Many poker players these days, in my opinion, limit themselves by tilting easily or being unable to maintain their discipline and patience, not to mention making an ass of themselves by launching into angry tirades.

Poker players will find highly valuable insights in this book, into both poker and life in general. Shoten reveals his belief that a healthy mental approach to life allowed him to achieve success in poker. He goes into detail both about what the proper life mind set is and also how the reader can attain it. Shoten continues to say one can never have sustained success in poker without the proper mind set. He has, to my eye, a strong and valuable message. As with many poker books, and many self-help books I suspect, the book will suit some people better than others and therefore help some people more than others. Some people will not believe in Shoten's message, and some who do may never be able to implement his ideas due to internal personal reasons.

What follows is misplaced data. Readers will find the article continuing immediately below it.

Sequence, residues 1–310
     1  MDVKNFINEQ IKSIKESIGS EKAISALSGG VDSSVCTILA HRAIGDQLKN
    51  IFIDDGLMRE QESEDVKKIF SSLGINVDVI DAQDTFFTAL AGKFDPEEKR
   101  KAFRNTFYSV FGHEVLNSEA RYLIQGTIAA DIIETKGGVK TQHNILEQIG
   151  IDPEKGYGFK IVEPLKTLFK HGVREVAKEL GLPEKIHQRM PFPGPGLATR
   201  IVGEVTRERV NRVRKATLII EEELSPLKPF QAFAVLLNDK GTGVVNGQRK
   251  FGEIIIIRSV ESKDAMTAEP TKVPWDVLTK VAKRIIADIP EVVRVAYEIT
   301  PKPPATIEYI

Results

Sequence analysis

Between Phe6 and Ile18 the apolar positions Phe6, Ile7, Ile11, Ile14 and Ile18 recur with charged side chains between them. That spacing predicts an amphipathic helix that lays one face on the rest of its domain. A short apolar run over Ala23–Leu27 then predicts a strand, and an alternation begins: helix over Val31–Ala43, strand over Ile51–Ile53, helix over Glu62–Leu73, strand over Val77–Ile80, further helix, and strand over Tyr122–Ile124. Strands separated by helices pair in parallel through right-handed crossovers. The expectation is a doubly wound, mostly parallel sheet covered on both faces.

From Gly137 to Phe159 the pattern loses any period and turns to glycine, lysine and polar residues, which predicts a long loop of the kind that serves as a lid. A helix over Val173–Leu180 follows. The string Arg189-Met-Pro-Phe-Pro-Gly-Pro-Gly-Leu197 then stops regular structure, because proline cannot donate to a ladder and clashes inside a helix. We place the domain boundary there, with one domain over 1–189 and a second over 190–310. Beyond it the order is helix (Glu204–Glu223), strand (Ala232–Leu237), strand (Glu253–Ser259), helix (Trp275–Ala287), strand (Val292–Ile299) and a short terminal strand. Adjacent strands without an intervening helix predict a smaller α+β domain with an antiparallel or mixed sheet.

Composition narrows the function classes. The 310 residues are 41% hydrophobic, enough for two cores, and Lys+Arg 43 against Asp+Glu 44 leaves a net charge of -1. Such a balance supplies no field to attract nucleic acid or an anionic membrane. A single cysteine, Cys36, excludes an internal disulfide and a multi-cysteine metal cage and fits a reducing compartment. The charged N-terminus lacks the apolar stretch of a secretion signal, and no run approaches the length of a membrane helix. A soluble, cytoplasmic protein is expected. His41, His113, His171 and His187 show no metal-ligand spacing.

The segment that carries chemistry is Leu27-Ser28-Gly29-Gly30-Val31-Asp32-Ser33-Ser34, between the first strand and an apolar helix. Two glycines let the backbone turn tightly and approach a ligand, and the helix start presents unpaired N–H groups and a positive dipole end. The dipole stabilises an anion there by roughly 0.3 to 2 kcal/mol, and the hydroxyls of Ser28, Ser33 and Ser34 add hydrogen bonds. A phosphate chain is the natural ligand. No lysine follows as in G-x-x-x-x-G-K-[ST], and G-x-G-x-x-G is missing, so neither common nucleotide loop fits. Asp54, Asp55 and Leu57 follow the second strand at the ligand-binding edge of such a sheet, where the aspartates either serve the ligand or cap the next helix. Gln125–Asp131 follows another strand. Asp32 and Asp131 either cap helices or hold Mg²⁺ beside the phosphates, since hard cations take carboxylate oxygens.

I understand poker anger is an issue I feel needs to be addressed. Even if you don't see poker anger as I do, or view Shoten's message as favorably as I do, the book is nevertheless valuable as are many other poker books, as a resource to add to any player's general poker knowledge. When I read Hellmuth's book, for example, I didn't like it much. I disagreed with much of what I read in fact, but it has still added to my poker game. In time, I found one or two small ideas I agreed with and sometimes use, and it also provided some insight into how other players might be thinking.